Protecting Your Digital Assets: Antivirus and Its Significance For Modern Devices
Cybersecurity is a vital issue in today’s digital world. Every day cyber-criminals come up with new ways to get their hands on the private data of individuals and organizations. They use novel computer viruses, ransomware, and malware to execute different types of cyber-attacks which can cause huge losses.
In 2020, the damage to the global economy due to such attacks was estimated at around $1 trillion. Whereas many large organizations have dedicated a lot of resources (such as having cyber-security experts on staff) in dealing with cyberattacks, when it comes to individual smartphone or computer users, antivirus software or anti-malware programs is very common. However, with a wide variety of options, it is difficult to know which protective program is the best to use for a given system.
What is antivirus software?
Antivirus software provides protection to your digital devices (such as computers, smartphones, tablets, etc.) against known, and sometimes unknown, malware. Malware is software designed to either cause damage to your digital files or allow hackers to gain unauthorized access to the data stored in your system.
When active in your system, antivirus software is able to scan the files on your computer, and even the websites you visit on the web. If any potential threat is found during the scan, the antivirus software alerts users to the presence of potential threats and can prevent malware from infecting your system.
The leading antivirus software in the world is developed by companies such as Norton, Bitdefender, McAfee, ESET, Quickheal, Microsoft Defender, Avast, and Kaspersky. Most of these companies offer both the paid and free versions of their antivirus programs.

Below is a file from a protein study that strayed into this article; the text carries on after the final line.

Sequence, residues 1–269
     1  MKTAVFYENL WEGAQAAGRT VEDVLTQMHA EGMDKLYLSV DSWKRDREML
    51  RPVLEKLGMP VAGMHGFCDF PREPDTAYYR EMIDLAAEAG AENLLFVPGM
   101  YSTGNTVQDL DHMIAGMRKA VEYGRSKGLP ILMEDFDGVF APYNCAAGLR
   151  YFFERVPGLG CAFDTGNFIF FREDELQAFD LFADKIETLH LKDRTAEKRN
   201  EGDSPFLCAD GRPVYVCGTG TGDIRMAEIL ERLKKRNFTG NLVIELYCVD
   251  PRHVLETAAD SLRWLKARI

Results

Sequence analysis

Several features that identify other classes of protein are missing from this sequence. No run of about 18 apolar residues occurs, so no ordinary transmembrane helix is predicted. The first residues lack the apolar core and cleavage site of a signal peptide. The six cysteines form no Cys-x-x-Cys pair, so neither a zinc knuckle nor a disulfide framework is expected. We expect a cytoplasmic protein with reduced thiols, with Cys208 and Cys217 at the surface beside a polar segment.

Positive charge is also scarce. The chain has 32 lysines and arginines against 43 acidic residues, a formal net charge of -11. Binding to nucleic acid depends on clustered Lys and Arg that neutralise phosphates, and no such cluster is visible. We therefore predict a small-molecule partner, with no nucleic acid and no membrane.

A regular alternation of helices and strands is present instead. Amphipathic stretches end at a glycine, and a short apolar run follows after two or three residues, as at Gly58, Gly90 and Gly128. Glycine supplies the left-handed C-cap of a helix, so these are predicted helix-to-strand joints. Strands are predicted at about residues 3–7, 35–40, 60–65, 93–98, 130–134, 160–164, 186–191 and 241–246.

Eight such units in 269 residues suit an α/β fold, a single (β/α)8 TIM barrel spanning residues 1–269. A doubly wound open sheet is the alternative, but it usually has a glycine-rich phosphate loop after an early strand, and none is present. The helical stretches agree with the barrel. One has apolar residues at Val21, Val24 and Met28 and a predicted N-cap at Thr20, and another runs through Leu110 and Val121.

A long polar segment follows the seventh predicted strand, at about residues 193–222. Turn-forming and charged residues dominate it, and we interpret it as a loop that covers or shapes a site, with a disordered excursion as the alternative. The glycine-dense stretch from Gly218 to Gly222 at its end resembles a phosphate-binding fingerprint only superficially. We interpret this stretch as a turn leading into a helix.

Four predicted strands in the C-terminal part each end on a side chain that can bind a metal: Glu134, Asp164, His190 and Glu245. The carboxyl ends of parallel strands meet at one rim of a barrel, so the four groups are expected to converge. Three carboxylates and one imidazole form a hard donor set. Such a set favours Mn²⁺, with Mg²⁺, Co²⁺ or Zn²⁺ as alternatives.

However, no anti-malware is perfect and every antivirus program requires regular upgrades, because new types of threats and versions of malware are being constantly introduced, and companies have to constantly update their antivirus software to address these threats.
History of virus and antivirus
Mathematician John Von Neumann proposed the theory of self-reproducing automata in 1966, in which he described a cellular automaton with twenty-nine possible states for each cell and where every cell is connected to the cells above, below, and to the sides. He demonstrated that the dynamics exhibited by such a system are similar to the human nervous system and could exhibit biological processes such as self-reproduction and evolution.
To test Neumann’s theory, Bob Thomas, a computer scientist at BBN Technologies, developed Creeper in 1971, which is now considered as the world’s first computer worm. Creeper used the ARPANET network and was able to move across the TENEX operating system-based computers of Digital Equipment Corporation, a leading minicomputer manufacturer at that time.
Ray Tomlinson, a colleague of Bob Thomas', was surprised to see the movement of Creeper through the ARPANET because, at that time, computer programs were known to move across different systems in a network. In response, he developed a new version of Creeper that was able to replicate itself in the network, rather than simply moving through the system. At the same time, Tomlinson also developed Reaper, which is considered the world's first antivirus, that could move across the ARPANET network to detect and remove Creeper.
There are many claims regarding the exact origin of the first general-purpose antivirus program. However, the first recorded use of antivirus software to remove a large-scale computer virus took place in 1987 when Bernd Fix, a german computer security expert successfully created a program to eliminate the Vienna virus from DOS-based IBM systems.
The same year, Andreas Lüning and Kai Figge, programmers and founders of G Data Software company, launched the world’s first antivirus software designed for Atari ST computers. Later in 1987, NOD32 antivirus was also released by Slovakian entrepreneurs Peter Paško and Miroslav Trnka, NOD32 turned out to be a successful product and it also laid the foundation of the renowned antivirus company, ESET.
FlushShot Plus and Anti4us were the first antivirus tools that used heuristic analysis, a special way to detect previously known and unknown computer virus variants. These tools were launched by Ross Greenberg and Erwin Lanting respectively in 1987. Although both of these antivirus programs are no longer used today, the heuristic analysis method used in these two is still employed in many modern-day antivirus software.